Sunder's post on Bernard Crick, just before the holidays, asked for further thoughts on Crick, particularly in the light of Anthony Barnett's more sceptical views. So here are some further thoughts....
First, to some extent Sunder and myself, on the one hand, and Anthony Barnett on the other, are talking about different aspects of Crick. Sunder and I make a case for Crick's continuing relevance and importance as a political theorist. Our focus is on the value of his written work. Although Anthony Barnett makes some reference to Crick's written work, his focus is much more on Crick as a political activist. For example, Anthony Barnett is sceptical of applying the label 'democratic republican' to Crick because of what he sees as Crick's failure to give Charter 88 proper support in the 1992 election campaign.
It is possible that both points of view are correct. They do not contradict each other as they apply to different aspects of Crick's life and work. So even if one were to concede Anthony Barnett's criticisms of Crick, they would not challenge the claim that Sunder and I make about the value of Crick's written work. Nor would they imply that it is somehow inappropriate to apply the label 'democratic republican' to the substantive political theory which Crick sets out in this work.
But should we concede Anthony Barnett's criticism of Crick as a political activist?
I am not really in a position to make an informed judgment on this, having had absolutely no experience of Crick as an activist. But it is worth noting that the evidence which Anthony Barnett presents could be read in different ways.
Perhaps Crick thought that Charter 88's activities in the 1992 general election would be counterproductive in democratic republican terms: that the priority was to get Labour elected, or at least get the Conservatives out, as a precondition for any constitutional reform, and that since (in his view) Charter 88's activities made this less likely, the democratic republican option was in fact to stop supporting Charter 88. I am not in a position to say whether such a judgment was right; but if this is what Crick thought, then one can see his jumping ship not as a repudiation of democratic republicanism but as a tough political judgment about how best to advance it.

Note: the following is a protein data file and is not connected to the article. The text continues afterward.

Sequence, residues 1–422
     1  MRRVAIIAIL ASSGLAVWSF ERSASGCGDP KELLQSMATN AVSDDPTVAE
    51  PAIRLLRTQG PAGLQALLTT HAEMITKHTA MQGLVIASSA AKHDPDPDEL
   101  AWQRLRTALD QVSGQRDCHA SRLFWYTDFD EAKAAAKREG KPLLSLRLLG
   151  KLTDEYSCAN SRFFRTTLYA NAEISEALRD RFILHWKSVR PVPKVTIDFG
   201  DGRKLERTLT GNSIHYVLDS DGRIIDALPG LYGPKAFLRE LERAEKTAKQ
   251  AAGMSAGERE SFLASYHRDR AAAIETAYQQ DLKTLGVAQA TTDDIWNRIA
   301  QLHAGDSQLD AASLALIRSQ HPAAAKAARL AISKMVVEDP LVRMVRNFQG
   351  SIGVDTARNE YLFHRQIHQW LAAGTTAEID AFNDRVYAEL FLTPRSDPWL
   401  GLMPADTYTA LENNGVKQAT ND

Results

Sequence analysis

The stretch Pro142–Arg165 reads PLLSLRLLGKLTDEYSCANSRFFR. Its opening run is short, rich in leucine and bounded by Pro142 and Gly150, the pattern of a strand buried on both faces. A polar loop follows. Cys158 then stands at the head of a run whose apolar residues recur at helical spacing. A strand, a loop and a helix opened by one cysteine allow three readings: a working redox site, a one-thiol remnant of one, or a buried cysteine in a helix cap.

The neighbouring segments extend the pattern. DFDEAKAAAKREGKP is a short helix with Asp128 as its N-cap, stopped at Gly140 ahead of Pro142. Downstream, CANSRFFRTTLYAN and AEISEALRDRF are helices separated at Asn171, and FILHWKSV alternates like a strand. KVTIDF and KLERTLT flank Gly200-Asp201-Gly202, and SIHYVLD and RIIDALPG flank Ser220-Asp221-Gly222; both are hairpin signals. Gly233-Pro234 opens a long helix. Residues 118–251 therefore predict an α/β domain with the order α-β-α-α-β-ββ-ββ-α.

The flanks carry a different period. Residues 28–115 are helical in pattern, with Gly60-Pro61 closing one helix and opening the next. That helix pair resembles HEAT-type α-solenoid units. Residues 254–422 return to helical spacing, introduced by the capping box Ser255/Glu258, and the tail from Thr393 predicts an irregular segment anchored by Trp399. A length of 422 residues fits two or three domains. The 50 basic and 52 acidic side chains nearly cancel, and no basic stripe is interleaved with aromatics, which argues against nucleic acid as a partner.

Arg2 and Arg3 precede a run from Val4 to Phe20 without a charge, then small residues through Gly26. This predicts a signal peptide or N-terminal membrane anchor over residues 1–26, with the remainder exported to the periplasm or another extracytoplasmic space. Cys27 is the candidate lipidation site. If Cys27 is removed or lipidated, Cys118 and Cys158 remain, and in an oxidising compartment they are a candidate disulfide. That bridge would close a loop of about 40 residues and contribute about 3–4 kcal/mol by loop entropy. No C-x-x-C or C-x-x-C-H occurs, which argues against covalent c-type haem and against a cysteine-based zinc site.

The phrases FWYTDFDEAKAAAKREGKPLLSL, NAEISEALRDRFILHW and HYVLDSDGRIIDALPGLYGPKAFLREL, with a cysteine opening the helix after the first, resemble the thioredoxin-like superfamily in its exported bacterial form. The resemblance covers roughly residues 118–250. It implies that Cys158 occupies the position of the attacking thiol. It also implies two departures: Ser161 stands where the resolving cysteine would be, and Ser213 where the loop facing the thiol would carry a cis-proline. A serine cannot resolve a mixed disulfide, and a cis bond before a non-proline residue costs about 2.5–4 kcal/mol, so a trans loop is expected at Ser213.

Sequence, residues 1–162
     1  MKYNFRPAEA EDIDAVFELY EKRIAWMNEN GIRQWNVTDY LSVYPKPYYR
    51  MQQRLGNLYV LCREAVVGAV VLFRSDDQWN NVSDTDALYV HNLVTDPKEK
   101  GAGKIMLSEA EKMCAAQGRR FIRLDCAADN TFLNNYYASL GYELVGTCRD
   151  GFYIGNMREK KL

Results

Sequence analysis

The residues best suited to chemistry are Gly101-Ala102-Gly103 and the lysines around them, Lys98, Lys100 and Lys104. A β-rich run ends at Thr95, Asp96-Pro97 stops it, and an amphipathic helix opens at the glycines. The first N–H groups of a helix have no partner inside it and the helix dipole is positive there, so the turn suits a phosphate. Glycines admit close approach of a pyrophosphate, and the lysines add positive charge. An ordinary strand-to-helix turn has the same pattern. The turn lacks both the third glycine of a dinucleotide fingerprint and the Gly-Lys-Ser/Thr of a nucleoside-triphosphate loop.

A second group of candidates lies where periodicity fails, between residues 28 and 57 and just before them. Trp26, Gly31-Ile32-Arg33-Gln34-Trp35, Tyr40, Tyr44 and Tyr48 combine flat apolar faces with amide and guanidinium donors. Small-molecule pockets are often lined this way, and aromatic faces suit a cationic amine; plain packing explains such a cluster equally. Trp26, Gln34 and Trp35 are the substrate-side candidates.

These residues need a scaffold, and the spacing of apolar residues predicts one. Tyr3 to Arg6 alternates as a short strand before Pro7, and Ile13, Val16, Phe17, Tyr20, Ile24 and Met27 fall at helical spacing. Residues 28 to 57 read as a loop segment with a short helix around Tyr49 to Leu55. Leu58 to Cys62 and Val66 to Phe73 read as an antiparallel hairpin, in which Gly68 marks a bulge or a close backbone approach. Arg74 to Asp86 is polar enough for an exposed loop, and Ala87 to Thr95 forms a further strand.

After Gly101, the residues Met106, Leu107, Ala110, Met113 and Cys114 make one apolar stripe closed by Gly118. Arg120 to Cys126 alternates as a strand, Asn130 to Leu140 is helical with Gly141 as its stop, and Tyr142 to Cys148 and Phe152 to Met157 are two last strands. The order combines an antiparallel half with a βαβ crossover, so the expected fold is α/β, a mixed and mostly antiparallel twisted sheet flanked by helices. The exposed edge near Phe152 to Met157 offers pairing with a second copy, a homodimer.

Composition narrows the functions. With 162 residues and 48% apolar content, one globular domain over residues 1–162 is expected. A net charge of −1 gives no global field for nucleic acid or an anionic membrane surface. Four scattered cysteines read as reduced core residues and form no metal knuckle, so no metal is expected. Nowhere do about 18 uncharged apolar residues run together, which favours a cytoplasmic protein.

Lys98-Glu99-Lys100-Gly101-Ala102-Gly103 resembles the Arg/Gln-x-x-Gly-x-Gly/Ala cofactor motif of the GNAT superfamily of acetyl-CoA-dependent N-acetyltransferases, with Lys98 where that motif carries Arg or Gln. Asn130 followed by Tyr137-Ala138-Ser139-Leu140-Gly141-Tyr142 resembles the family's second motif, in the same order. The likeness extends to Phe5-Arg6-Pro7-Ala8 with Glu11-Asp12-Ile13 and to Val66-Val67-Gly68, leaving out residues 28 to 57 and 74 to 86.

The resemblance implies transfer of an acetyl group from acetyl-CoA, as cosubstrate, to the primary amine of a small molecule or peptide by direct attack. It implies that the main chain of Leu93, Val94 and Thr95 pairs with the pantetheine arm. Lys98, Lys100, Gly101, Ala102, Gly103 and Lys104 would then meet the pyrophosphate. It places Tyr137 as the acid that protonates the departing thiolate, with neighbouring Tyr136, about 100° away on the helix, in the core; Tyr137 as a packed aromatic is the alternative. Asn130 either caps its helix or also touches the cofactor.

All political activists face balancing acts of this kind. One supports a party because of its rough correspondence to one's philosophy. But parties are always only rough embodiments of philosophies, and they will usually do lots of things that contradict one's values. What do you do when this happens? Go into full-on oppositional mode because of what the party is doing? Or support the party, perhaps because you think it still has the most potential to promote what one values in the future? Reasonable people will and do disagree about the answers to such questions when they arise, as they do on a daily basis, in political life. At one particular point, in 1992, Crick made a choice of this kind. Maybe it was the wrong choice. But he would hardly be the only political activist to have done that.
However, the basic point is that whatever one thinks of Crick as an activist, the case for his continuing relevance and importance rests not with his biography but with his writings. These remain relevant and important because they contribute to the ongoing development of a democratic republican public philosophy, a philosophy which emphasizes that democracy is not about simply counting heads, or 'aggregating preferences', but about mutual discussion and argument; and, related to this, about popular participation in public fora, not consumerism-modified-by-occasional-vote. (I am sure that Anthony Barnett agrees with all of that.)
This is not to say that Crick's work as a theorist didn't have its limitations. For example, I am not sure his work addresses in enough depth the political economy of democratic republicanism. Just how far is a democratic republican polity consistent with a capitalist economy? What modifications of, or limitations to, capitalism are necessary for a democratic republican polity to be feasible? How do developments within contemporary capitalism affect the prospects for democratic republicanism? These are important questions for democratic republicanism, but I am not sure Crick's work is where you will find the answers to them.
However, like George Orwell (and, further back, Tom Paine), Crick's work does have the virtue of marrying style with substance. Crick believed that 'theory' should be written in accessible prose, not academic, or pseudo-academic, jargonese. In this respect, above all, I am certain that he was a great model of, and for, democratic republican citizenship.